Video Courtesy of American Association for Cancer Research
This article has been updated from a previous version published in 2017.
I’ve seen too many women die over the past few months. Women that had so much life left to live. Women that had virtually conquered the world and transformed lives. Women who were gone too soon. I took their deaths personally.
I was angry that I didn’t know about their cancers before they died. I was angered by their secrecy. I was angry at the disease that caused them to turn inward and remain invisible. Could they have been saved? I took it exceptionally hard because, just a few years ago, my own life was saved because of my sister.
February 2007, at the age of 35, my sister was diagnosed with breast cancer. She decided to visit the Emergency Room for a migraine headache and requested a mammogram due to a feeling she had. Not an actual physical feeling, but a gut feeling.
She almost dismissed that gnawing in her stomach and came close to chalking it up to her being somewhat of a “hypochondriac” but she pushed past her own internal judgment to ask the doctor to give her a mammogram. It was in her self-advocacy that she learned she had breast cancer.
My sister elected to have a mastectomy and began her journey to survivorship March of that year.
Too Close to Home
My sister’s diagnosis raised my awareness to the disease. I knew about cancer, as many of my aunts died of the deadly disease. However, this time, it was a little too close to home.
I shared my sister’s diagnosis with my doctor and she advised me, at 32 years of age, to get a baseline mammogram. I’m glad I did.
Three years later, in 2010, before my 35th birthday, I was diagnosed with breast cancer. Two years earlier I had a lumpectomy as a mass was discovered but it was benign. But it was due to that discovery that routine screenings began for me.
My routine mammogram in 2010 was one of the most difficult ones I had. The squeezing, pulling, and tugging of the technician to get a good picture was unpleasant. Waiting in a room for a few people to look at my results also caused great anxiety. The repeat exam caused great alarm. The letter in the mail carrying the news that I needed a biopsy was mortifying.
The fine needle aspiration and the diagnosis later sucked all the air out of my lungs. I was diagnosed with Stage 1 breast cancer…#worldstop!
My doctor advised me to have genetic counseling and it was through a blood draw and genetic testing that I learned I had the BRCA2 gene mutation. My doctor encouraged me to use that information to make an informed decision about my treatment. I decided to have a double-mastectomy.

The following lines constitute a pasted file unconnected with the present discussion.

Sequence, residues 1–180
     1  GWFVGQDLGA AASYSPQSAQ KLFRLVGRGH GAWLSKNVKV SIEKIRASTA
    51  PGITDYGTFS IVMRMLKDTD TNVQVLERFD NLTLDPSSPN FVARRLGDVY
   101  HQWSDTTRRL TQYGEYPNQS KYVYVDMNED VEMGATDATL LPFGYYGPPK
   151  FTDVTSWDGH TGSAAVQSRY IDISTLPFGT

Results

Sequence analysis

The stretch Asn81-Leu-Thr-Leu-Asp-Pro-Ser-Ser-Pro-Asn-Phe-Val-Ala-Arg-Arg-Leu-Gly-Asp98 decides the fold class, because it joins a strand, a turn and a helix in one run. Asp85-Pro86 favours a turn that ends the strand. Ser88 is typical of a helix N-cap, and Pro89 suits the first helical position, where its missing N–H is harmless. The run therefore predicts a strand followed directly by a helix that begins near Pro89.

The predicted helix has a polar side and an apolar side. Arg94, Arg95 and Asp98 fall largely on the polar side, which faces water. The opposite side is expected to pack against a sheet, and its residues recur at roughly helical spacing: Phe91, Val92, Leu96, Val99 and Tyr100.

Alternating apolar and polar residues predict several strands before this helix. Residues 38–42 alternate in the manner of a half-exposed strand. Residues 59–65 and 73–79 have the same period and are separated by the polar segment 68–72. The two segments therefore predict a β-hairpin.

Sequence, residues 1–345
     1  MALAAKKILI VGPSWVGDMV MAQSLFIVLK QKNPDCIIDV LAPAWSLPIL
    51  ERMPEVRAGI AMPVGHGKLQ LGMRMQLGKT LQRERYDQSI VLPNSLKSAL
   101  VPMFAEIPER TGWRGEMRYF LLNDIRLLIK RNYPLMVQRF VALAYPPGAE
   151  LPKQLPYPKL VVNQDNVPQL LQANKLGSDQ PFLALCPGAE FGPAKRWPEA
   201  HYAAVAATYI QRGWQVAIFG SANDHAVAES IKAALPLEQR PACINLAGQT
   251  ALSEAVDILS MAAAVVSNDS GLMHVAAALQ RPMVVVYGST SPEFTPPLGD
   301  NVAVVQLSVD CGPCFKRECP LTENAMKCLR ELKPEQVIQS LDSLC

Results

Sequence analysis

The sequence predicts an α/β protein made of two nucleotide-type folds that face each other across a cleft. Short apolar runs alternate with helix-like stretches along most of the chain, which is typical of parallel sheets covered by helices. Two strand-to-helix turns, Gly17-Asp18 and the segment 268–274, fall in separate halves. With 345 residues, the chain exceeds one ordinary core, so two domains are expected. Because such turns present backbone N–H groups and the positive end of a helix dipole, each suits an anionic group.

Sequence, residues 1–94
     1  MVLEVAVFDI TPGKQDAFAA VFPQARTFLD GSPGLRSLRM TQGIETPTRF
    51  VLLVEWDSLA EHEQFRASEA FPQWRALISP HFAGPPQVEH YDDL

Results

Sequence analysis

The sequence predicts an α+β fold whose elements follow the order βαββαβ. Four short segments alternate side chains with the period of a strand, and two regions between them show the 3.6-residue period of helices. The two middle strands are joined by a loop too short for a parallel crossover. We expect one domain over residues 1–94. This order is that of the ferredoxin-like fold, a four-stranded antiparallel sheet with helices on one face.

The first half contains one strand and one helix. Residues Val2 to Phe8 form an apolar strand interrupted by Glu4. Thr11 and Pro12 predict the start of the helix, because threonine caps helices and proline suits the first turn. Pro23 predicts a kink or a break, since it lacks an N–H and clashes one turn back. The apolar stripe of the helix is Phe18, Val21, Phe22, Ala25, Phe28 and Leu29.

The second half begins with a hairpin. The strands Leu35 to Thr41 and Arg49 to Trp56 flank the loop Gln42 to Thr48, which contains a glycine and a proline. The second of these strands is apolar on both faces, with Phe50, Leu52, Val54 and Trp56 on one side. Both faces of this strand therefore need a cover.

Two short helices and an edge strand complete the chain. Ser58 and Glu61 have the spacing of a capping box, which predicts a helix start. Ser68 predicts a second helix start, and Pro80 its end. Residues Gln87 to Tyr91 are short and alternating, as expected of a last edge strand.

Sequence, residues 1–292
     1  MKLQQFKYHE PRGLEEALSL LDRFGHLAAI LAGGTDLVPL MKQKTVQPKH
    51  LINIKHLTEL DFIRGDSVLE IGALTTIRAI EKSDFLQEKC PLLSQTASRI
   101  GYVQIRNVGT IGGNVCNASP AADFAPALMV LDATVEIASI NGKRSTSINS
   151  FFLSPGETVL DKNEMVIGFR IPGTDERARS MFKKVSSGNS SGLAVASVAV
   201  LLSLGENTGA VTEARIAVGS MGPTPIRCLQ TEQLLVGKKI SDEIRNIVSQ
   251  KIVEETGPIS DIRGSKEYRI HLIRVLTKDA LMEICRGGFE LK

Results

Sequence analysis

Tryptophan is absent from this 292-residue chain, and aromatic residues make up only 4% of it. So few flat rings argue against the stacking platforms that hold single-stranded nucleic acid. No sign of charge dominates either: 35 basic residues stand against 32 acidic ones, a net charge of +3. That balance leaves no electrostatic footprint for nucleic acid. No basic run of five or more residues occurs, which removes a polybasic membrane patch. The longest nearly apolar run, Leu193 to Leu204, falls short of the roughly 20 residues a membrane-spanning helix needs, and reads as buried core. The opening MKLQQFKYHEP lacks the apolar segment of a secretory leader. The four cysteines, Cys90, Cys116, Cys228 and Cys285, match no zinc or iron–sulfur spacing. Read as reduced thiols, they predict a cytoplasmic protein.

There is a more technical term for it but essentially one breast was removed due to cancer and the other was removed as a preventive measure.
My Sister’s Keeper
The same BRCA2 gene mutation also increased my chances of having both breast and ovarian cancer so in 2011 I also had my ovaries removed. Everything had to go!
I am sharing this story because I want to save a sister. My sister did for me what I hope to do for you, and that is to encourage you to become an advocate for yourself and take charge of your health. I was diagnosed with cancer but not given a death sentence. I am still here, 7 years later, sharing my story with you because I want you to live, too.
- Get tested. Early detection is the key.
- Share your story. Let someone else know what steps you took for survival. Let them know your journey so that they too can become vigilant in their health.
- Break the silence. It’s time to stop hiding.
Going Beyond Breast Cancer
I am pleased to announce that another sister of mine is breaking the silence related to a health issue experienced by thousands of women, infertility. The Rev. Dr. Stacey L. Edwards-Dunn is the founder and president of, Fertility for Colored Girls, NFP (FFCG).
FFCG has been around for roughly four years and has made its mission to be a resource, advocate, and fertility coach for men and women looking to create the families of their dreams.
FFCG has been bringing awareness to the issue of fertility among black and brown women across the nation. The organization has 7 chapters in 7 metropolitan areas and is looking to open 5 more chapters this year.
Dr. Edwards-Dunn just released a book, Hold on to Hope: Stories of Black Women’s Fertility, Faith, & Fight to Become Mommies earlier this month. The book is to help other women know their options for creating the family they long to have. Dr. Edwards-Dunn is working to save a sister. I am here because my sister saved me. Who will you save?
More information about Rev. Dr. Stacey L. Edwards-Dunn’s book can be found at www.drstaceyledwardsdunn.com